How an angry resignation letter sparked a landmark defamation case

Employers have been urged to regularly audit their workplace culture to avoid legal battles, after a woman was ordered to pay her former boss damages after circulating a scathing email.


Tracy Adams was sued for defamation over a 2009 email advising her manager that she planned to quit her job as an accounts manager at Total Fasteners, an industrial parts supplier in NSW.


“I have been absolutely guttered (sic) by your most recent attempts to bully me into leaving, and have decided to do so of my own accord,” Adams said.


Adams described her manager, Alan Bristow, as “untrustworthy and cunning by nature”, accusing him of “lying, laziness and theft”.


“I can’t understand why Total Fasteners would choose to loose (sic) a competent and reliable employee, to keep a so-called manager of questionable and dishonest character,” Adams said.


In addition to Bristow, the email was sent to the company’s human resources manager and two other company sites – including head office – before being spread among other employees.


Adams was sued for defamation by Bristow, who claimed the email resulted in him feeling “nauseated and depressed”.


The defamation case was initially thrown out last year after NSW District Court Judge Leonard Levy ruled there was no proof Bristow had suffered any actual harm to his reputation.


But in a recent judgment, the Court of Appeal overturned the decision and awarded Bristow $10,000.


Nichola Constant, director of People + Culture Strategies, specialising in people management and workplace law, says there are several points to consider with regard to this case.


“The real issue is a High Court decision which misunderstood or misinterpreted a decision by the trial judge, and the Court of Appeal thought it important enough to hear the matter,” she says.


While District Court Judge Leonard Levy ruled there was no proof Bristow’s reputation suffered any harm, the Court of Appeal found that was not the case.


“This poor lady presumably did feel bullied… She sent an email around calling her boss lying, lazy and a thief… [But] he has suffered stress and depression because of it,” Constant says.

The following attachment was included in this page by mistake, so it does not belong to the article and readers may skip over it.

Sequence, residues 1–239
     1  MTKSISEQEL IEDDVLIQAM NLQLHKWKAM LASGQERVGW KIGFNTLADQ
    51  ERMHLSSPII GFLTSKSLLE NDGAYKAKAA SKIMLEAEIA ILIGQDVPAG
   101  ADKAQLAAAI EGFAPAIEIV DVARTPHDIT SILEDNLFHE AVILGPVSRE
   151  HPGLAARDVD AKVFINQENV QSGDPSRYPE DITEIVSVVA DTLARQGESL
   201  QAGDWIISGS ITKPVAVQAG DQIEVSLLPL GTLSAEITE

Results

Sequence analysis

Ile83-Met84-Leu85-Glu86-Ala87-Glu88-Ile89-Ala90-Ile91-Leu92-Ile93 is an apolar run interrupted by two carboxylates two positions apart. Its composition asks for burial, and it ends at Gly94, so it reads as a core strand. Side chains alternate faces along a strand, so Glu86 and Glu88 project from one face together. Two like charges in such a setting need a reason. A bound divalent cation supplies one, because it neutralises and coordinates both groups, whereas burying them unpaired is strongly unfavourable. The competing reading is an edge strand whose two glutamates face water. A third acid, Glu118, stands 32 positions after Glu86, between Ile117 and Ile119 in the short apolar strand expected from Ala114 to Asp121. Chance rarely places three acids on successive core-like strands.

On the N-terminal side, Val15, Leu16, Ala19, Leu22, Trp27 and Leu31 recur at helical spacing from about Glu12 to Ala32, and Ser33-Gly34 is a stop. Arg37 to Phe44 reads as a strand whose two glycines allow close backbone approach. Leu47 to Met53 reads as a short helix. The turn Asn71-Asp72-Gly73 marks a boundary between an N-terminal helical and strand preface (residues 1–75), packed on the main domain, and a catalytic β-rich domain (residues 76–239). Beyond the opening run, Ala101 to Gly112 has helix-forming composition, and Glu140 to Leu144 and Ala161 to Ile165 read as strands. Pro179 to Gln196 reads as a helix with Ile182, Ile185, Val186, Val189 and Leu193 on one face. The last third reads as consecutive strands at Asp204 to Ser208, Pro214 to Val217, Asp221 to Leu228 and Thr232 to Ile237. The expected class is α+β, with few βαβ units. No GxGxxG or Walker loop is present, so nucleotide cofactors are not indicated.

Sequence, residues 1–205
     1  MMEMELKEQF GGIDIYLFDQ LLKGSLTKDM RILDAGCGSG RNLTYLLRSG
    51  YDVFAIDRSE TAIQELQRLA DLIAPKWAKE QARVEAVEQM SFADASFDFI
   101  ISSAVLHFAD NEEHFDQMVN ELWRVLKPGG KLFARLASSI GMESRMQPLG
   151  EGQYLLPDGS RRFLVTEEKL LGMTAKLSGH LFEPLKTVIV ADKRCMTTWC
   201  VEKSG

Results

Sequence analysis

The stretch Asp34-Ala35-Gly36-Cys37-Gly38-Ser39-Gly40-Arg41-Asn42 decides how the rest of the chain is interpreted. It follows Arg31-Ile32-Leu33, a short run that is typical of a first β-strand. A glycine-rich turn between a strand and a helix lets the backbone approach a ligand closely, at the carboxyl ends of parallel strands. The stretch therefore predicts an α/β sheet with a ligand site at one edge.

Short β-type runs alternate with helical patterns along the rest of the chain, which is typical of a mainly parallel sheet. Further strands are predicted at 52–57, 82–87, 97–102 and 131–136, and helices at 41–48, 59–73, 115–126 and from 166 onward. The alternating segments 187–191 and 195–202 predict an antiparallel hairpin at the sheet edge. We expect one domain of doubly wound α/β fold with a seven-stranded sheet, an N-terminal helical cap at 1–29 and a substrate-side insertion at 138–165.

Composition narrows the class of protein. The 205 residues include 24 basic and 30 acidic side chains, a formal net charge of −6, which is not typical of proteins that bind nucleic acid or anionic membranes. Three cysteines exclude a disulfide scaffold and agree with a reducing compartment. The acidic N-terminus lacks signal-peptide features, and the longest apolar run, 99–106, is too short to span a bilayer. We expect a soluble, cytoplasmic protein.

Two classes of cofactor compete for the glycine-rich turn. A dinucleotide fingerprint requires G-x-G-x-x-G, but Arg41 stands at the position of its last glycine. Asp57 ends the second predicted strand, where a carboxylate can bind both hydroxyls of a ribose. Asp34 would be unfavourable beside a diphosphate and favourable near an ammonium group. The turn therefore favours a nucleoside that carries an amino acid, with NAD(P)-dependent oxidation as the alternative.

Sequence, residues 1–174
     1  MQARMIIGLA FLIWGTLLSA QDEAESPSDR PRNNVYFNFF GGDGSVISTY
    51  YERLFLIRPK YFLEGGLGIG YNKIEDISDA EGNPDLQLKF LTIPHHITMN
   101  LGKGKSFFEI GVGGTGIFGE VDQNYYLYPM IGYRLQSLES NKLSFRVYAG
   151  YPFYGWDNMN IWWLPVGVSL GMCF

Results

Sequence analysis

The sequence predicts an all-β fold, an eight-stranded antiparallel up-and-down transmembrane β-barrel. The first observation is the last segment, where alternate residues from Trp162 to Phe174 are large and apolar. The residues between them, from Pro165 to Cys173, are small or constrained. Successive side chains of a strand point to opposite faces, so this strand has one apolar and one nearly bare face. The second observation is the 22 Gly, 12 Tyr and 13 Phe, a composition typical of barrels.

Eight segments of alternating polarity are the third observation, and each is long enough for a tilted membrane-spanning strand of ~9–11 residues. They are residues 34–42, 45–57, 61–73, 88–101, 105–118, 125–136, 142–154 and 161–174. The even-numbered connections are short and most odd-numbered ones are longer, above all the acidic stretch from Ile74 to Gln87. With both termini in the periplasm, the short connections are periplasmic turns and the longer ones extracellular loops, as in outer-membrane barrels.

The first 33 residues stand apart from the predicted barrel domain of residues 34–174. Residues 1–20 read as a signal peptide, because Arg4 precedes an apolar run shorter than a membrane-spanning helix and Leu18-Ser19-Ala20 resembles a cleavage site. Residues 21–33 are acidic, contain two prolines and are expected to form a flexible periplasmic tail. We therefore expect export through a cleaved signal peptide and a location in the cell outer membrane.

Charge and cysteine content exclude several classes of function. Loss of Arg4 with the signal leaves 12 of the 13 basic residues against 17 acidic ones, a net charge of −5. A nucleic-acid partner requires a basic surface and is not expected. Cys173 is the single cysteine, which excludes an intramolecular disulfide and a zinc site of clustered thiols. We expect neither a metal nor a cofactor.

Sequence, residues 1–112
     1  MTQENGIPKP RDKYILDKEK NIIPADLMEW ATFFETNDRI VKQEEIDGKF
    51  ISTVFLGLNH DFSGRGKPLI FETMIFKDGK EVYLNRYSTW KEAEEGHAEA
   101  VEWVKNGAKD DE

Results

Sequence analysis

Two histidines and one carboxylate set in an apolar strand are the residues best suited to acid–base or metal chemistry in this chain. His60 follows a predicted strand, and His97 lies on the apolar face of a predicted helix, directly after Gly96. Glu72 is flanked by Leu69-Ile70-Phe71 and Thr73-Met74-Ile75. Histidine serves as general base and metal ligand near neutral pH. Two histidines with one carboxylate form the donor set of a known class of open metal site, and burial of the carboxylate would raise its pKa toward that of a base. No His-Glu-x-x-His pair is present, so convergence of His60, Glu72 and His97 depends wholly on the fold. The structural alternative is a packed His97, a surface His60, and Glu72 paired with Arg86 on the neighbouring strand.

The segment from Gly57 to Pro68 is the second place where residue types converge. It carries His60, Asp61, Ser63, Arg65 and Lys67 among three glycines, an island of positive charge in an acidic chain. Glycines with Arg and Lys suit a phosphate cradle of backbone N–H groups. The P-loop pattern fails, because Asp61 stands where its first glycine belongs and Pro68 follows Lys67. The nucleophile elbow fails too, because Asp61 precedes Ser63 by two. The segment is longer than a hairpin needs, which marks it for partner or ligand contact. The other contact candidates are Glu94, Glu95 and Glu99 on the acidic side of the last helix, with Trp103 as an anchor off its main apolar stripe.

“[Bristow] may have said to his employer, you owe me a duty of care to protect me… For an employer, they have an obligation to look after Mr Bristow as well.”


“He may have said, ‘I want you to pay my legal fees. You have to find me a good lawyer and take her on’.”


“If you have a rogue employee, perhaps that’s a step employers may be required to take. If this employee is a rogue, Total Fasteners needs to look after Mr Bristow.”


But Constant says there are things employers can do before it reaches this stage.


“In terms of lessons, in this day and age, [it is common] for people to act in haste,” she says.


“For employers, the issue is to have in place systems to raise these grievances so it doesn’t get to the point where people blow their cool.”


Constant says there are also ways to detect whether employees have issues with one another.


“There are signs – if you’ve got changes in level of performance, number of hours, a large amount of overtime or errors,” she says.


“Absenteeism is a very good pointer but turnover is probably the main one… There are signs always pointing towards a workplace culture not operating appropriately.”


“Often if there’s performance issues, there’s cultural issues. You need to do audits of this regularly.”


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